New event celebrating bald eagles slated for Jan. 26 in Quincy

Experts say eagles have already arrived in the Quincy area, and their presence near the lock and dam and in other nearby roosting spots along the Quincy riverfront has become more apparent with the onset of colder weather. (H-W File Photo)
Posted: Jan. 12, 2013 4:50 pm Updated: Jan. 26, 2013 7:15 pm

Herald-Whig Staff Writer

The annual return of wintering bald eagles to the Tri-State area is triggering a new event in Quincy later this month.

Great River Eagle Days is scheduled for 10 a.m. to 5 p.m. Saturday, Jan. 26, at America's Best Value Inn, 300 Gardner Expressway.

This event, sponsored by the Standing Bear Council, will feature live eagles presented by veterinarian Drew Kaiser of the Raptor Rehabilitation Center in Quincy. In addition, the Standing Bear Council -- a group of mixed Native Americans from several different nations -- will provide activities throughout the day, including blessing-of-the-eagles ceremonies, Black Fox singers, Native American dancers and vendors, information on Native American mounds built in Quincy, and a history of Chief Keokuk.

The event is free and open to the public. Food and refreshments will be available.

Great River Eagle Days will be held in conjunction with the annual Quincy eagle watch scheduled for 9 a.m. to 4 p.m. Jan. 26 at Lock and Dam 21. This event, sponsored by the U.S. Army Corps of Engineers, will be held at the boat ramp/parking lot immediately south of the lock and dam.

The eagle watch -- free and open to the public -- allows visitors to view eagles in their natural habitat while searching for fish in the Mississippi River or roosting on nearby trees along both the Illinois and Missouri shores. Spotting scopes will be set up along the river, and a Corps park ranger will be available to answer questions.

The lock and dam becomes a magnet for bald eagles every winter because the churning water below the navigation structure remains open even when the rest of the river becomes encased in ice, giving eagles easy access to fish -- one of their primary foods.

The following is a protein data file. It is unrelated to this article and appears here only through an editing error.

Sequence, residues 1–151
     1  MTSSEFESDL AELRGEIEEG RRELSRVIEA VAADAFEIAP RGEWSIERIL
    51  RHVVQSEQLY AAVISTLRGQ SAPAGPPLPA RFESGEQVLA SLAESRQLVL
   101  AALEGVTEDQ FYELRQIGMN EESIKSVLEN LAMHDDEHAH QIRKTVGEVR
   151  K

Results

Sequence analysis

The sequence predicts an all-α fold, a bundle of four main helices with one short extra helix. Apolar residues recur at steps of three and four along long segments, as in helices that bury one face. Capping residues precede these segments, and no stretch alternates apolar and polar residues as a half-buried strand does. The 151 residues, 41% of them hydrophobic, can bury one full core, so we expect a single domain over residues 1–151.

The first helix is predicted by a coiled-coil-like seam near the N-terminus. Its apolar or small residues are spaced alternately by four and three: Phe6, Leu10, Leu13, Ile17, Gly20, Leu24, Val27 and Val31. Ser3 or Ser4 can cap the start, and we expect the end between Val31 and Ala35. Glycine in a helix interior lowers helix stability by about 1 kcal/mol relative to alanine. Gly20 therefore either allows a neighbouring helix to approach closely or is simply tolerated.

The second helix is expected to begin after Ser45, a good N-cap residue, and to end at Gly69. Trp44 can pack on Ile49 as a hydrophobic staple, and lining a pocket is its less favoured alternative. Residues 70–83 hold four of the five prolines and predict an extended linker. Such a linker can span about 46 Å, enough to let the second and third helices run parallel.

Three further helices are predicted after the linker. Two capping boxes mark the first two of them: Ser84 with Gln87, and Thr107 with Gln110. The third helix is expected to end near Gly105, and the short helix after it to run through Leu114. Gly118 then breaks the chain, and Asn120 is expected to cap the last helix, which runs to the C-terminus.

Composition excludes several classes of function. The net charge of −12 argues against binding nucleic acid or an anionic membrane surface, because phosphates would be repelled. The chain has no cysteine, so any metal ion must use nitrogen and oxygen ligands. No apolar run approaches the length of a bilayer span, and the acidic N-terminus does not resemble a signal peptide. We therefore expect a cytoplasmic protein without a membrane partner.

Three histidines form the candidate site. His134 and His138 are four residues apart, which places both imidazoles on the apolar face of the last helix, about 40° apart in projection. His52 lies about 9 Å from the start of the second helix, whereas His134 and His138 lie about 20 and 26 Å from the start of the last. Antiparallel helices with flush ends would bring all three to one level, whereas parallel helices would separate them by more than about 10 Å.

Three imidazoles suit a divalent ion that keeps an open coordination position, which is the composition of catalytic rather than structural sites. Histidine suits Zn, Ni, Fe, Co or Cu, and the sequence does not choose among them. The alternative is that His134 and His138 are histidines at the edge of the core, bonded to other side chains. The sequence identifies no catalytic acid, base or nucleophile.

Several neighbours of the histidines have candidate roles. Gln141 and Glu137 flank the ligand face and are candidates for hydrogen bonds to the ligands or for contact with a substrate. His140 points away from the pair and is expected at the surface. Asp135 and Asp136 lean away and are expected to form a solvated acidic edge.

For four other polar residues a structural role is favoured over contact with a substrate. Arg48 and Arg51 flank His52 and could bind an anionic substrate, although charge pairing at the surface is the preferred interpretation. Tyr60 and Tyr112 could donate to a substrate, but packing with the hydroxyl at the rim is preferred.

Eagles have already arrived in the Quincy area, and their presence near the lock and dam -- and in other nearby roosting spots along the Quincy riverfront -- has become more apparent with the onset of colder weather.

"They've been here for the last month," said Holly Cain, executive director of the Quincy Area Convention and Visitors Bureau, which touts Quincy as a tourism destination during the peak eagle-viewing season, which continues through February and sometimes even into March.

The QACVB is partnering with the Standing Bear Council to promote the Great River Eagle Days event. It also is partnering with the Corps of Engineers and the Microtel to coordinate the third annual "FAB Getaway" promotion, which invites visitors to Quincy the weekend of Jan. 26-27 to enjoy "food, architecture and bald eagles."

A special $99-per-couple package is being offered at the Microtel that includes free entry to local museums, including the Villa Kathrine; a tour of a historic home on Maine Street; discounts for dinner and brunch at two local restaurants; and the opportunity to view eagles during the eagle watch.

Cain said the Great River Eagle Days event will add yet another attraction that weekend for people who want to take advantage of the eagle-viewing opportunities offered to local residents and visitors. The America's Best Value Inn also will be offering special reduced rates that weekend.

Watching eagles in winter "is a great river activity that we're hoping to expand on," Cain said.

She said the Great River Eagle Days event "looks kind of fun" and will also serve to celebrate Quincy's Native American heritage. "It will be very family-oriented," she said.

Leslie Haslem, a spokesman for the Standing Bear Council, said the council previously held its Great River Eagle Days in Keokuk, Iowa, but no longer had access to the building where the event was quartered. So the group decided to move the event to Quincy.

"We've been wanting to move down to Quincy for quite a while," Haslem said.

She said the council's decision was further spurred by the warm reception the council received last year when it took part in a "blessing of the mounds" event at Quincy's Indian Mounds Park, regarded as a sacred burial grounds for some Native American cultures that once lived in this area.

"We have a great respect for the mounds, and Quincy has got some good things going on," Haslem said.

Two other eagle-watching events will be happening in the Tri-State region this month. Keokuk will hold its 29th annual Bald Eagle Appreciation Days Jan. 19-20, and Clarksville, Mo., will hold its annual Eagle Days Jan. 26-27. Both of these events will take place at multiple locations in those respective towns.




Volunteers are being sought to take part in the 53rd annual Midwinter Bald Eagle Count Jan. 26 throughout the Midwest from Louisiana to northern Minnesota.

"This count has been the most important bald eagle count in the nation for many, many years," said Terrence Ingram of the Eagle Nature Foundation in Apple River, Ill., who has coordinated the count for the past 30-plus years. Ingram took over the coordinator's job from the late Elton Fawks of Moline, who started the count and oversaw it for 20 years.

"It was the first results of this count in the early 1960s that truly documented the decline of the bald eagle in the nation," Ingram said in a press release, noting how bald eagles have since recovered and have been removed from the endangered species list.

"Now this count is the only factual account of how our eagles are reproducing in the Midwest," he said.

Anyone interested in participating should call Ingram at 815-594-2306 to receive an area assignment. The foundation's website is